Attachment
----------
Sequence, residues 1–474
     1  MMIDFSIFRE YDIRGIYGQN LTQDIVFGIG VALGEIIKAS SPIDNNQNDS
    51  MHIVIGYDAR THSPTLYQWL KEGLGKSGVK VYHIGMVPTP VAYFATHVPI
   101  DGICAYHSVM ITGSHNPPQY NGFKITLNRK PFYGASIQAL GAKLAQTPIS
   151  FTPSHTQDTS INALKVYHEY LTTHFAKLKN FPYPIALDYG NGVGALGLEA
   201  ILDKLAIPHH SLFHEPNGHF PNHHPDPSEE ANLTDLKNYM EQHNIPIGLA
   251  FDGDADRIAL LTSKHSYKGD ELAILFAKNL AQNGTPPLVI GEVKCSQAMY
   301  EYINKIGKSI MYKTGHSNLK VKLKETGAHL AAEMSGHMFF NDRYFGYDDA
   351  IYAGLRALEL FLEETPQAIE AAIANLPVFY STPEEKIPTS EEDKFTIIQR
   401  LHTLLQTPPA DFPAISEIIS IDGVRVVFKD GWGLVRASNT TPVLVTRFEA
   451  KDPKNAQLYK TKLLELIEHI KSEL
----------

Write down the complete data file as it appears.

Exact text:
Sequence, residues 1–474
     1  MMIDFSIFRE YDIRGIYGQN LTQDIVFGIG VALGEIIKAS SPIDNNQNDS
    51  MHIVIGYDAR THSPTLYQWL KEGLGKSGVK VYHIGMVPTP VAYFATHVPI
   101  DGICAYHSVM ITGSHNPPQY NGFKITLNRK PFYGASIQAL GAKLAQTPIS
   151  FTPSHTQDTS INALKVYHEY LTTHFAKLKN FPYPIALDYG NGVGALGLEA
   201  ILDKLAIPHH SLFHEPNGHF PNHHPDPSEE ANLTDLKNYM EQHNIPIGLA
   251  FDGDADRIAL LTSKHSYKGD ELAILFAKNL AQNGTPPLVI GEVKCSQAMY
   301  EYINKIGKSI MYKTGHSNLK VKLKETGAHL AAEMSGHMFF NDRYFGYDDA
   351  IYAGLRALEL FLEETPQAIE AAIANLPVFY STPEEKIPTS EEDKFTIIQR
   401  LHTLLQTPPA DFPAISEIIS IDGVRVVFKD GWGLVRASNT TPVLVTRFEA
   451  KDPKNAQLYK TKLLELIEHI KSEL